President Joe Biden announced plans Thursday for the United States to donate 500 million vaccine doses around the world. The doses will be given over the next year.

    "This is about our responsibility," Biden said before the meeting of the Group of Seven, or G-7, leaders in Britain. The G-7 is a group of seven of the world's wealthiest democracies.

    "We're doing this to save lives, to end this pandemic, and that's it," Biden said as he asked the rest of the G-7 to join the U.S. effort.

    The donation comes on top of another 80 million doses that Biden had already promised to other countries.

    Johns Hopkins University estimates about 2.2 billion people have been vaccinated out of a world population of nearly 8 billion. Most of them are in wealthy countries in Europe, Israel, Bahrain and the U.S.

    Demand for the shots has fallen in the U.S. recently, leading to calls for the country to share its vaccine with others.

    The U.S. will buy and donate 500 million doses of the Pfizer vaccine through the United Nations-backed COVAX partnership. They will be sent to 92 poorer countries and the African Union.

    A U.S. official told Reuters the vaccines will cost $3.5 billion, in addition to the $4 billion the U.S. has donated to COVAX so far.

    White House officials said the vaccines will be shipped starting in August. The goal is to donate 200 million by the end of the year. The remaining 300 million doses will be shipped in the first half of 2022.

    Jen Psaki is a White House spokesperson. She told CBS News on Thursday that the U.S. "is in this position because we've had so much success at home vaccinating Americans."

    The U.S. led the world in new cases of COVID-19 and deaths over much of the last year. But the country is on its way to a strong recovery after a successful vaccination program. The average numbers of new cases and deaths are now at their lowest point since the beginning of the pandemic.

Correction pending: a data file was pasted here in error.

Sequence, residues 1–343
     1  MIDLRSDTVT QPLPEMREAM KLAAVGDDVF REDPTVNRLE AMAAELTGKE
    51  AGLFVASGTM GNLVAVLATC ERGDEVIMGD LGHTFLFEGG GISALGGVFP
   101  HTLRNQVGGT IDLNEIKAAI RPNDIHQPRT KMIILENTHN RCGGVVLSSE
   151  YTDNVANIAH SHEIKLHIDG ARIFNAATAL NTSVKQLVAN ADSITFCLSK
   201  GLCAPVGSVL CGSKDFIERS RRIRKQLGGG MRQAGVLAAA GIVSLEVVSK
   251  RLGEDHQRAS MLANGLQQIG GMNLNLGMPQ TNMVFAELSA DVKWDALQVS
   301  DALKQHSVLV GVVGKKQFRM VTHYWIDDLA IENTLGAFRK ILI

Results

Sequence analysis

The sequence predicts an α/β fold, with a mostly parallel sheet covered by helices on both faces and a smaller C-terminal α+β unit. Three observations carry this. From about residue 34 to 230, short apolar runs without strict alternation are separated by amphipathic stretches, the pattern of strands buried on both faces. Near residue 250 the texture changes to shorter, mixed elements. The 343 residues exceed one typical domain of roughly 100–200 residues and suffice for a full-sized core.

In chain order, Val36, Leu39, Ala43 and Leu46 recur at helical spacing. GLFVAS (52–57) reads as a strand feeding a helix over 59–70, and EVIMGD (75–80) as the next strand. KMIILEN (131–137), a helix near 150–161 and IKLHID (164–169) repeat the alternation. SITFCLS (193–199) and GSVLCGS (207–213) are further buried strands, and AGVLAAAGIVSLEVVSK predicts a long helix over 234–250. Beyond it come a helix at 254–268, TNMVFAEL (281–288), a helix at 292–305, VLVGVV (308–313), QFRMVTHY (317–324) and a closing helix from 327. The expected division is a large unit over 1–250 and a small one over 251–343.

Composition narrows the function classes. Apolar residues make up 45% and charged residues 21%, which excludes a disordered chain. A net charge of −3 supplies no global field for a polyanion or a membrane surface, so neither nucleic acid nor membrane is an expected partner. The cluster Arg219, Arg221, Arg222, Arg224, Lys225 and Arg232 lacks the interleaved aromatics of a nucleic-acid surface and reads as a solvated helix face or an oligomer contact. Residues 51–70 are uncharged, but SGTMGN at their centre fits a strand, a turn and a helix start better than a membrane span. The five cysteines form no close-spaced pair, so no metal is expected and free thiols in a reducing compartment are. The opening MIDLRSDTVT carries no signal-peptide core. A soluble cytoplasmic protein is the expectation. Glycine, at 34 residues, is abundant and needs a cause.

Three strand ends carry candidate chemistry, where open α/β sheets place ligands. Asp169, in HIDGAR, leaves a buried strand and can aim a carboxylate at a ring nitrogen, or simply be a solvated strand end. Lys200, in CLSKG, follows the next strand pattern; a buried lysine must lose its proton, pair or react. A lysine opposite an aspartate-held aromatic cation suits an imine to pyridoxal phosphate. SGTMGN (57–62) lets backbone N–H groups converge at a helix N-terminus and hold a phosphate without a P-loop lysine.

U.S. officials hope the meeting will end with a promise from the G-7 countries to do more to vaccinate the world.

    China and Russia have also shared their own vaccines with poorer countries with mixed success. But, the mRNA vaccines, produced by American drug companies Pfizer and Moderna, have shown to be more effective against the coronavirus and its variants.

    Biden's plans drew strong praise from Tom Hart. He is head of The ONE Campaign, an organization that seeks to end poverty. He said Biden's announcement was "the kind of bold leadership that is needed to end this global pandemic."

    But others think the G-7 nations need to do more and share vaccines with the world.

    Niko Lusiani is with the anti-poverty group Oxfam.

    "At the current rate of vaccinations, it would take low-income countries 57 years to reach the same level of protection as those in G-7 countries," he said.

    "That's not only morally wrong, it's self-defeating given the risk posed by coronavirus mutations."

    I'm Dan Novak.